Managing the Risk of Meningococcal Disease among Patients Who Receive Complement Inhibitor Therapy

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To learn more about the increased risk of meningococcal disease in patients receiving eculizumab and prevention strategies, read the July 7, 2017 MMWR.

Recent data suggest that meningococcal vaccines likely provide incomplete protection against invasive meningococcal disease in people receiving eculizumab (Soliris®). Experts believe this increased risk likely also applies to people receiving ravulizumab (Ultomiris™). In addition to vaccination, clinicians could consider antimicrobial prophylaxis for complement inhibitor recipients to potentially reduce the risk of meningococcal disease.

Clinicians most commonly prescribe complement inhibitors for treatment of four rare health conditions:

  • Atypical hemolytic uremic syndrome (aHUS)
  • Paroxysmal nocturnal hemoglobinuria (PNH)
  • Generalized myasthenia gravis (MG)
  • Neuromyelitis optica spectrum disorder (NMOSD)

Heightened awareness key for clinicians and patients

Clinicians should have a high index of suspicion for meningococcal disease in patients receiving complement inhibitors with symptoms of meningitis or meningococcemia. You need to have this high index of suspicion even if your patient

  • Has symptoms that initially appear mild
  • Has been fully vaccinated
  • Is receiving antimicrobial prophylaxis

Clinicians should also ensure all patients receiving complement inhibitors:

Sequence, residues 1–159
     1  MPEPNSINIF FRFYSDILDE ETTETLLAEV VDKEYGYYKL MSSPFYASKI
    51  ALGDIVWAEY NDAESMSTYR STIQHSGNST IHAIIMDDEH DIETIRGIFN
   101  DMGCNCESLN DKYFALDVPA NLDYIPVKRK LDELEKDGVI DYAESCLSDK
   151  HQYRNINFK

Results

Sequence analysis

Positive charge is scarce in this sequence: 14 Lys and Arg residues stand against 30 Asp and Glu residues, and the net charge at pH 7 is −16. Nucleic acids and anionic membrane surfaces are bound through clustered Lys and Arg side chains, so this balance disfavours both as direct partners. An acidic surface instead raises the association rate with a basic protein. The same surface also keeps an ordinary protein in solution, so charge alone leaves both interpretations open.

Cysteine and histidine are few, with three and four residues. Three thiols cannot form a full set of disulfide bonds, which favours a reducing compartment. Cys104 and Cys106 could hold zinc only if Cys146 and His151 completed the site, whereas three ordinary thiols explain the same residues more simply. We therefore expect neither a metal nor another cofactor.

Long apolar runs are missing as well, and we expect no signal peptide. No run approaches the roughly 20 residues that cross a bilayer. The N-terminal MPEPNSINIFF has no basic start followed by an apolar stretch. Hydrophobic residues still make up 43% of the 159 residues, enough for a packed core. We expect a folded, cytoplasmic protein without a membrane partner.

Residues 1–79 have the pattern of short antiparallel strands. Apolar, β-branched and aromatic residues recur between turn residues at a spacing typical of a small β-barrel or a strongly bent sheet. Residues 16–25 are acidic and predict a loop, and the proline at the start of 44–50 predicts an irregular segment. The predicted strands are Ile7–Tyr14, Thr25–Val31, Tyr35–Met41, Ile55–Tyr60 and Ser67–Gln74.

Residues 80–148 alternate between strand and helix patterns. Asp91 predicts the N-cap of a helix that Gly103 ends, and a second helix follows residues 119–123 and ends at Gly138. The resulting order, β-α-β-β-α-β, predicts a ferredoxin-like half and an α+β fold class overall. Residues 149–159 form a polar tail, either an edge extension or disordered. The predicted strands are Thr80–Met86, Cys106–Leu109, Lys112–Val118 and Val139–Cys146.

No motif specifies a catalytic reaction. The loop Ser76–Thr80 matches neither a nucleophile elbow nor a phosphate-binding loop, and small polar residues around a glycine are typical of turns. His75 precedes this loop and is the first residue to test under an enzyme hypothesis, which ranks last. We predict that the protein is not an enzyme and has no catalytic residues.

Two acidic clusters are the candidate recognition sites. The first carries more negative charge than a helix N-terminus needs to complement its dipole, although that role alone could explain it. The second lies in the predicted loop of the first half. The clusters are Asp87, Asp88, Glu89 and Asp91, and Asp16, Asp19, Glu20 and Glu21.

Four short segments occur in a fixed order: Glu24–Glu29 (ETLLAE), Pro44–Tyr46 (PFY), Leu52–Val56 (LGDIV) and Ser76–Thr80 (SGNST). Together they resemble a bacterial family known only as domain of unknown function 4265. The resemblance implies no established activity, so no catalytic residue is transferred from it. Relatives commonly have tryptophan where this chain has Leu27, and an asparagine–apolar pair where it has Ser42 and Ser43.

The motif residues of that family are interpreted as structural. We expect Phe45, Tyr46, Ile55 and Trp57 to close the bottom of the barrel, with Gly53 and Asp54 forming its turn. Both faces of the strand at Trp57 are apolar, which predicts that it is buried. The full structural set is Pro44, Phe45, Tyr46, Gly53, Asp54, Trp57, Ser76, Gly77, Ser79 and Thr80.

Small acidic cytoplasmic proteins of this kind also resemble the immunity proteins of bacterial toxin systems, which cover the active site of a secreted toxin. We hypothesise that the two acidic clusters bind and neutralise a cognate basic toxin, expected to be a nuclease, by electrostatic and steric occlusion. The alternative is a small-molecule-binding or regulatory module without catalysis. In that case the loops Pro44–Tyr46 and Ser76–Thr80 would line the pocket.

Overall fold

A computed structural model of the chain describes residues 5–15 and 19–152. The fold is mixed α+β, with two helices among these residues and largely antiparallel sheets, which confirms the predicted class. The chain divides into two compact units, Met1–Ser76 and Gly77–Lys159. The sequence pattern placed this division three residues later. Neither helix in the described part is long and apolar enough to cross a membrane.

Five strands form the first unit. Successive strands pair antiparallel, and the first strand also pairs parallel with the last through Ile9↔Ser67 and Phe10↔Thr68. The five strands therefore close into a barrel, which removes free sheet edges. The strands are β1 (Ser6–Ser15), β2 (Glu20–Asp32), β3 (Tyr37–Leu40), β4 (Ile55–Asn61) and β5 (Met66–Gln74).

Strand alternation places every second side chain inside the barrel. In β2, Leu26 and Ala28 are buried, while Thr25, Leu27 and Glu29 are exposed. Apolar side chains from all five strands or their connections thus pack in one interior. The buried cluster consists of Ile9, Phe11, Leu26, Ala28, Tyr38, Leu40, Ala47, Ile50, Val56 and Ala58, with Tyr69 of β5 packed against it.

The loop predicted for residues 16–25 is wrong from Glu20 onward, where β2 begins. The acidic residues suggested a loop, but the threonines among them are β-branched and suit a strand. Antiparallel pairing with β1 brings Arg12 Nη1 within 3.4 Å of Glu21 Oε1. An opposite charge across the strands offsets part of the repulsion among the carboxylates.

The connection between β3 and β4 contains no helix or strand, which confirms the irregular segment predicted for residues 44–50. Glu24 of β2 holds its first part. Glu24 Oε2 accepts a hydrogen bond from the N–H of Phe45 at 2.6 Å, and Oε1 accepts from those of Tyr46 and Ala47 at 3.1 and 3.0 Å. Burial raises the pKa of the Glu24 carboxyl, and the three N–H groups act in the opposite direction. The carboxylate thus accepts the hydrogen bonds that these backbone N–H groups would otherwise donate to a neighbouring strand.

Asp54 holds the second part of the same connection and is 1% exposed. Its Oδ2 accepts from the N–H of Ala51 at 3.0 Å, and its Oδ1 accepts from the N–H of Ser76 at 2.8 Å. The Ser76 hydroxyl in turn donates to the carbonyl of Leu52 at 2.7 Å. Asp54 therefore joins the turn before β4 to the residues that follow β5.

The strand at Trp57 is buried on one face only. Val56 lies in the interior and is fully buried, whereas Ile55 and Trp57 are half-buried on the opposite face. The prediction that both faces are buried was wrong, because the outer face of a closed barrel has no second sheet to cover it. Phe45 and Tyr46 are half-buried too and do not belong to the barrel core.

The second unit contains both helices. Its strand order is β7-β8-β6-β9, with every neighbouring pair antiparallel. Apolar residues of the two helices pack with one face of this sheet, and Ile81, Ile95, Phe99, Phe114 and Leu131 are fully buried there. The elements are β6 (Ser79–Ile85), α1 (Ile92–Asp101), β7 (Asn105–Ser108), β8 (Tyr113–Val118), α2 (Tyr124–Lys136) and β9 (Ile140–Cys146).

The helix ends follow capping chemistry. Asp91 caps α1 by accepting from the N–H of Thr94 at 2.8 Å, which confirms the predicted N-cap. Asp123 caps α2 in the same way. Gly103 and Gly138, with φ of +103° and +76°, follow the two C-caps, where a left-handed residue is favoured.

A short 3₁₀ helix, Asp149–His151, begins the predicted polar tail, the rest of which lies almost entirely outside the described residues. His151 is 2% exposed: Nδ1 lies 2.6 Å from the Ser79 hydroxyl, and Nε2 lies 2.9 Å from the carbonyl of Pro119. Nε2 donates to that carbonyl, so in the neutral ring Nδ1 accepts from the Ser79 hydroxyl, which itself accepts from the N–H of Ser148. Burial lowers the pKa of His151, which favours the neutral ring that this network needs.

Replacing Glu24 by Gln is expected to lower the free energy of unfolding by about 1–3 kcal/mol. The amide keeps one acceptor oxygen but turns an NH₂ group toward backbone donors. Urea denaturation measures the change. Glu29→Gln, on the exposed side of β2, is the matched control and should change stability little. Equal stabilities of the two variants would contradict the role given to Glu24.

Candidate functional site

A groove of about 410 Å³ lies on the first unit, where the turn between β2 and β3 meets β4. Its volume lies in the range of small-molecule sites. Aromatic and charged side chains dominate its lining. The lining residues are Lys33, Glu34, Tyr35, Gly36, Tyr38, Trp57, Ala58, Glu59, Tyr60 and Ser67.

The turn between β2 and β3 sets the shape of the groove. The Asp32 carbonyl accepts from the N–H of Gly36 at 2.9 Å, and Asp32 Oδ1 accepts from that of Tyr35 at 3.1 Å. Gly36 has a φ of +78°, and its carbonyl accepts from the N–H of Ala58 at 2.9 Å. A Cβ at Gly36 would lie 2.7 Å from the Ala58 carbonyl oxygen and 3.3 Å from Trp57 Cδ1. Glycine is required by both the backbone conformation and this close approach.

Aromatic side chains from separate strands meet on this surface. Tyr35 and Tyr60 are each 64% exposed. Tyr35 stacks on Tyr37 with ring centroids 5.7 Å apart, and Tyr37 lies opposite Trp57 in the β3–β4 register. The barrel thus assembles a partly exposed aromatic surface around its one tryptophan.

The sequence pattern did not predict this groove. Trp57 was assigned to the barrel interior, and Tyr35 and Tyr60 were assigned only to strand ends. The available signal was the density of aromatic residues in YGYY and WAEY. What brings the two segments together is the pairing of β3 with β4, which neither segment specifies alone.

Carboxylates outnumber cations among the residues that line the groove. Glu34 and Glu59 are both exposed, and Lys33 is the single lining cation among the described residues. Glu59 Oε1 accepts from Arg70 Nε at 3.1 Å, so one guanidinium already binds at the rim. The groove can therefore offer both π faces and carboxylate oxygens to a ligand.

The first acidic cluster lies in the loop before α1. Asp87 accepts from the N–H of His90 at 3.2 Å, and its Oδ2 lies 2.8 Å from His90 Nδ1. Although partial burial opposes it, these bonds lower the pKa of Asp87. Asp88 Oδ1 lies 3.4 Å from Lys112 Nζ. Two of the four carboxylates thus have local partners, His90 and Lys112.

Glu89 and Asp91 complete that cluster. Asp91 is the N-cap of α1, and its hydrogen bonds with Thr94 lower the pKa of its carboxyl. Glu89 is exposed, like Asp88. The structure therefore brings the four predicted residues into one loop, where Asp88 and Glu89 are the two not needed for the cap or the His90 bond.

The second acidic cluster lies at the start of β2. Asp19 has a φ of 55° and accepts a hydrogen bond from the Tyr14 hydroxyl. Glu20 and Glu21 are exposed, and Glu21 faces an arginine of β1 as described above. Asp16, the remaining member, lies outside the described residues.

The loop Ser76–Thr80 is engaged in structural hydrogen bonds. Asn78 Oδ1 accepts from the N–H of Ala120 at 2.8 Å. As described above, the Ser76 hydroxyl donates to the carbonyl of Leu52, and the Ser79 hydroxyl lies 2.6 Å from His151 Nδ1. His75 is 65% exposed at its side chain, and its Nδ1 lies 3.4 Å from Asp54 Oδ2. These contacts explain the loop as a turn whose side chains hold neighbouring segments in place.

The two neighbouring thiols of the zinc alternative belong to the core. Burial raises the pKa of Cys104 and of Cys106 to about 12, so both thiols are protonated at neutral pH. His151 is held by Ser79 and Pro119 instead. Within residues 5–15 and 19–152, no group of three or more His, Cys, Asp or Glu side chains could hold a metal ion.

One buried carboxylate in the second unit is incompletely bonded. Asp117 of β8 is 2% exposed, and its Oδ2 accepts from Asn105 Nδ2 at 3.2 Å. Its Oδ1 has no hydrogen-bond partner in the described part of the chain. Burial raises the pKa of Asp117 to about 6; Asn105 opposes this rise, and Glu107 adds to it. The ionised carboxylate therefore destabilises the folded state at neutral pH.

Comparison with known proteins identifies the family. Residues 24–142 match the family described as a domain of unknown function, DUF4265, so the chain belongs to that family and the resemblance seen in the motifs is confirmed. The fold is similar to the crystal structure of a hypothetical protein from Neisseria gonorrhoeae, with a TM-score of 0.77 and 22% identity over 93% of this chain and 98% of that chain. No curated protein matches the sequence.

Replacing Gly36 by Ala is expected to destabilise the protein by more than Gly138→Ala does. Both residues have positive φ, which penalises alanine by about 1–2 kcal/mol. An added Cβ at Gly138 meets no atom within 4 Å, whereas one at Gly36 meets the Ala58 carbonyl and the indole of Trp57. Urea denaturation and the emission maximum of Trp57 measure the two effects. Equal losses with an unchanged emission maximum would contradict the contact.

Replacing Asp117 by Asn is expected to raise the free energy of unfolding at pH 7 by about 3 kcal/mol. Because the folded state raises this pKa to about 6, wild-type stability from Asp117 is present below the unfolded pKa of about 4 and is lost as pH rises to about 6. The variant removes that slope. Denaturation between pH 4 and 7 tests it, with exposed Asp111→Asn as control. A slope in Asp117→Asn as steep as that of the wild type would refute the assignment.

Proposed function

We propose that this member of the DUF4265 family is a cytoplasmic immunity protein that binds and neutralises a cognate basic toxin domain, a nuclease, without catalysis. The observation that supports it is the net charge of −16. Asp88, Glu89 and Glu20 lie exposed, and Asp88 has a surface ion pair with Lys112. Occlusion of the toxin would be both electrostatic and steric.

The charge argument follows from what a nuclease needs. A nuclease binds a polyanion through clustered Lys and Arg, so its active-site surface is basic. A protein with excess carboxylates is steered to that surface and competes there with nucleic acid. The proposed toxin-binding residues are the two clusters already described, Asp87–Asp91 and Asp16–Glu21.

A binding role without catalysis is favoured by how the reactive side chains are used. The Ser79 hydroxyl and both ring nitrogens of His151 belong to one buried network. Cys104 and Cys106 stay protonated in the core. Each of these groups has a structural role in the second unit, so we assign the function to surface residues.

• Know the symptoms of meningococcal disease
  • Are aware of their increased risk
  • Seek care immediately if they start experiencing symptoms
  • Obtain rapid treatment

Receiving complement inhibitors increases the risk of meningococcal disease

People receiving complement inhibitors are at increased risk for meningococcal disease. The risk of getting meningococcal disease is 1,000 to 2,000 times greater for people receiving eculizumab compared to otherwise healthy individuals in the United States. The Food and Drug Administration (FDA)-approved prescribing information for complement inhibitors includes a black box warning for increased risk of meningococcal disease. The warning includes a recommendation to administer meningococcal vaccines to patients receiving complement inhibitors.

Risk for meningococcal disease remains even if vaccinated

Recent data show that some patients receiving eculizumab who were up to date with meningococcal vaccination still developed meningococcal disease. Nongroupable Neisseria meningitidis caused most of these infections. Nongroupable N. meningitidis typically does not cause invasive meningococcal disease in people with normal immune systems.

Meningococcal conjugate (MenACWY) vaccine targets serogroups A, C, W, and Y, and provides no protection against nongroupable N. meningitidis. FDA licensed serogroup B meningococcal (MenB) vaccines specifically for protection against serogroup B meningococcal disease. Researchers have not assessed the extent of any potential cross protection from MenB vaccines for nongroupable N. meningitidis strains.

CDC still recommends meningococcal vaccination for patients receiving complement inhibitors

Despite disease occurring among vaccinated individuals, clinicians should continue vaccinating patients who receive a complement inhibitor. Ideally, you should administer meningococcal vaccines at least 2 weeks prior to administering the first dose of the complement inhibitor. CDC recommends both MenACWY and MenB vaccines for people receiving a complement inhibitor. Depending on the brand, the full series of MenB vaccine requires 2 or 3 doses. Administer a booster dose of MenACWY vaccine every 5 years, for the duration of complement inhibitor therapy. Administer a booster dose of MenB vaccine 1 year after series completion and then every 2 to 3 years thereafter, for the duration of complement inhibitor therapy.


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